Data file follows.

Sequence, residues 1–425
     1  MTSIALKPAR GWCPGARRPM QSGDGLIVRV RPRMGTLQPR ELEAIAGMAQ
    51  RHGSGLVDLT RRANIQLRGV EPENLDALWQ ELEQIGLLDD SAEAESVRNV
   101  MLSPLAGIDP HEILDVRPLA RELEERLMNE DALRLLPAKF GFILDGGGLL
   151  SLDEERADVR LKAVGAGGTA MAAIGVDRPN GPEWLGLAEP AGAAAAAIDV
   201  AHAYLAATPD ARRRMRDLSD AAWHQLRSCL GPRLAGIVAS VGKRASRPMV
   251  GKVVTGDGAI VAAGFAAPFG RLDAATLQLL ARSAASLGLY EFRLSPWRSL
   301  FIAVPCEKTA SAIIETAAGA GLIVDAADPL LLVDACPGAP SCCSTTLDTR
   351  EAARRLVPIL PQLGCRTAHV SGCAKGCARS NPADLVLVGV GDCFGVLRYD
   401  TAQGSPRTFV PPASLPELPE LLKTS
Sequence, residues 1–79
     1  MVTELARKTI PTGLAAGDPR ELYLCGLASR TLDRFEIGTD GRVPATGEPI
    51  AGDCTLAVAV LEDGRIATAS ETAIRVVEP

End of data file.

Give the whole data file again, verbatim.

Sequence, residues 1–425
     1  MTSIALKPAR GWCPGARRPM QSGDGLIVRV RPRMGTLQPR ELEAIAGMAQ
    51  RHGSGLVDLT RRANIQLRGV EPENLDALWQ ELEQIGLLDD SAEAESVRNV
   101  MLSPLAGIDP HEILDVRPLA RELEERLMNE DALRLLPAKF GFILDGGGLL
   151  SLDEERADVR LKAVGAGGTA MAAIGVDRPN GPEWLGLAEP AGAAAAAIDV
   201  AHAYLAATPD ARRRMRDLSD AAWHQLRSCL GPRLAGIVAS VGKRASRPMV
   251  GKVVTGDGAI VAAGFAAPFG RLDAATLQLL ARSAASLGLY EFRLSPWRSL
   301  FIAVPCEKTA SAIIETAAGA GLIVDAADPL LLVDACPGAP SCCSTTLDTR
   351  EAARRLVPIL PQLGCRTAHV SGCAKGCARS NPADLVLVGV GDCFGVLRYD
   401  TAQGSPRTFV PPASLPELPE LLKTS
Sequence, residues 1–79
     1  MVTELARKTI PTGLAAGDPR ELYLCGLASR TLDRFEIGTD GRVPATGEPI
    51  AGDCTLAVAV LEDGRIATAS ETAIRVVEP